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  • says:

    Quote from the ESPN interview: “Combat sports — MMA and boxing — really have the best steroids testing in sports. Every time we compete, we’re tested by the government. You can’t get more serious about it than that.”

    That is ridiculous. One could almost call it McDevitt-esque. First of all, the fact that it’s the government has no bearing on anything. In most cases they’re sending it to the same Quest Diagnostics or equivalent lab as any other drug testing program.

    Then there’s the fact that MMA events where all the fighters are drug tested (like UFC 73) are far outnumbered by events where 4 out of 16 fighters are tested, or 6 out of 18 are tested, or zero fighters are tested (as with UFC 69 and UFC 70— two events, not one).

    However, even if every fighter on every card were tested on the day of the fight, it would still lag far behind every other major sport’s drug testing program in arguably the most important area. Besides the fact that you’ll never hear of an NFL, NBA, NHL, MLB, or Olympic athlete going an entire season without being tested once (whereas an MMA fighter not being tested a single time in a year would not be uncommon), the most important factor is that athletes in the other major sports have to deal with out-of-competition testing. There’s a lot more of it in the NFL than there is in Major League Baseball, and Olympic athletes can be compelled to take a drug test anywhere at any time during the year. Mixed martial artists, on the other hand, have no out-of-competition drug testing. They know exactly when they’re going to be tested: on the day of the fight.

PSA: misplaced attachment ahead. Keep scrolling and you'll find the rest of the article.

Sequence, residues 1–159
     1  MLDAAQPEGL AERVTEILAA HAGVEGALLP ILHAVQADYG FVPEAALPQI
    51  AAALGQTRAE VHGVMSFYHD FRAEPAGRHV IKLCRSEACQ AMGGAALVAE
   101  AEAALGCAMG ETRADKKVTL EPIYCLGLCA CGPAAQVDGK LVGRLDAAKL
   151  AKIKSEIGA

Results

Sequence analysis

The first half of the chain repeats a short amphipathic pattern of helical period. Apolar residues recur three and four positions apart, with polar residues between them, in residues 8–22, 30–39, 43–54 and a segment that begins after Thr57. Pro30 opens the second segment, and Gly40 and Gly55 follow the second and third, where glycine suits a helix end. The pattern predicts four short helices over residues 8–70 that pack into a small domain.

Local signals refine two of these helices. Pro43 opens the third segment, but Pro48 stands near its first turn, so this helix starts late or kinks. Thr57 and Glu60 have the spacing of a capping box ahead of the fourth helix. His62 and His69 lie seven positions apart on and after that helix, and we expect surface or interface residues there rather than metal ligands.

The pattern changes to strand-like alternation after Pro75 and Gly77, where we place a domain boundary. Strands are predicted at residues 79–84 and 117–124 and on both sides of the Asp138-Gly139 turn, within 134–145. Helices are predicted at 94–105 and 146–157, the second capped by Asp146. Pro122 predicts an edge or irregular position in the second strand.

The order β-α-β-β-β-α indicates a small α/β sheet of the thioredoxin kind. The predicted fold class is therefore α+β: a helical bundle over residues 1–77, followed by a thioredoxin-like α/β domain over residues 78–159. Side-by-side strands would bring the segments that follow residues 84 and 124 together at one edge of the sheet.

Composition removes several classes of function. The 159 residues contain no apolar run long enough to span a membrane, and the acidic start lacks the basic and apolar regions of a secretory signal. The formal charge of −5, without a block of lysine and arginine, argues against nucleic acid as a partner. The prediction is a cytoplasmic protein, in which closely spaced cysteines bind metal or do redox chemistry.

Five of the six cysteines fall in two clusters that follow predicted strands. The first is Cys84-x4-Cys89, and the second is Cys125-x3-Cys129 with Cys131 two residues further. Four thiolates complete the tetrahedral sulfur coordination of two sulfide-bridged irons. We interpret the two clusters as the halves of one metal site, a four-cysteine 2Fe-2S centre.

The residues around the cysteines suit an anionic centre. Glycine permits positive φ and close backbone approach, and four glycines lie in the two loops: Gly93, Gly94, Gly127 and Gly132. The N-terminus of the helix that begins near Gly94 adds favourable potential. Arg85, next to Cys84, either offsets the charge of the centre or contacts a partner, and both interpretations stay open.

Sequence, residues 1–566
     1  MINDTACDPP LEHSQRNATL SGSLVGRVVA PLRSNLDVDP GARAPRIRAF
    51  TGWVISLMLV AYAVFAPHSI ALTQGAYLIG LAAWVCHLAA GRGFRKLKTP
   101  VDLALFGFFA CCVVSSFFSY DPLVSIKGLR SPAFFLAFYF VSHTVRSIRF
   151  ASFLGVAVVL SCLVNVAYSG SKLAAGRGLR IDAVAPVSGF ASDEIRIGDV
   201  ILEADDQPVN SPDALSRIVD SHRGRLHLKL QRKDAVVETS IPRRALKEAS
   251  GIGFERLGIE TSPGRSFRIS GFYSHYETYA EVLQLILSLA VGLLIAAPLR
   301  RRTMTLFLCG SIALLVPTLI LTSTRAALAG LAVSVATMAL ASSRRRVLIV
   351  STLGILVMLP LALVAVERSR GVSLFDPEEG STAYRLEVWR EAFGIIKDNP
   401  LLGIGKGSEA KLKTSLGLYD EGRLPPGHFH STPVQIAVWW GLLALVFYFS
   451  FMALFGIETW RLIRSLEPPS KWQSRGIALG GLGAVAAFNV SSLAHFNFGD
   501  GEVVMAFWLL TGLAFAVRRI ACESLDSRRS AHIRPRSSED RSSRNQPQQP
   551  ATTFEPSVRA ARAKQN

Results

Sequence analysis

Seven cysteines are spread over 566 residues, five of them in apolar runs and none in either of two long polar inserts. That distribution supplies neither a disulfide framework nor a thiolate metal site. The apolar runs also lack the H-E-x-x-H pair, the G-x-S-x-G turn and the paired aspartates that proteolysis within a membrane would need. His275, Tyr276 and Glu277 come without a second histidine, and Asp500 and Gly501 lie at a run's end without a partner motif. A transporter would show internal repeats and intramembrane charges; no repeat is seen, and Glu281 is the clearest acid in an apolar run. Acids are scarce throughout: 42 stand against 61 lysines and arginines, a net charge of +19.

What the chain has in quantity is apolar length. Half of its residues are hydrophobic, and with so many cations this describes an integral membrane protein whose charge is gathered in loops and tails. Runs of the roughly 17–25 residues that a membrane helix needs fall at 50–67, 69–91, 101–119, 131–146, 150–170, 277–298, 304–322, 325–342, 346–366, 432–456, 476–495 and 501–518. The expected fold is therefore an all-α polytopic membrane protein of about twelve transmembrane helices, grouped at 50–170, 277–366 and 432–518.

There’s a reason for the saying that if an athlete knows in advance when they have to take the test, it’s more of an IQ test than anything else. The reason is that it’s far from impossible to beat a drug test under those circumstances. I’m certainly not saying a drug test can’t be beaten if you have no idea when you’ll be taking the test, but it’s a heck of a lot harder when you don’t know the date ahead of time.

    That is the first, fundamental requirement of any comprehensive drug testing program: Random, out-of-competition testing that can happen at any time with no advance warning for the athlete. That’s what all the other aforementioned sports have that MMA doesn’t.

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  • says:

    good comments ivan.

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  • says:

    Also, in addition to all of the other points about the NFL, NBA, MLB, NHL, etc., keep in mind that all of those sports have players’ unions that fight hard against any kind of drug testing program, so in some cases even when the organization might want to adopt certain drug testing policies, they can’t if the resistance from the union is strong enough. In MMA, that’s not a factor because the fighters have no union or any collective bargaining of any kind.

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  • says:

    2 for 2 man. the point about unions, especially in baseball, is one i’ve rarely heard.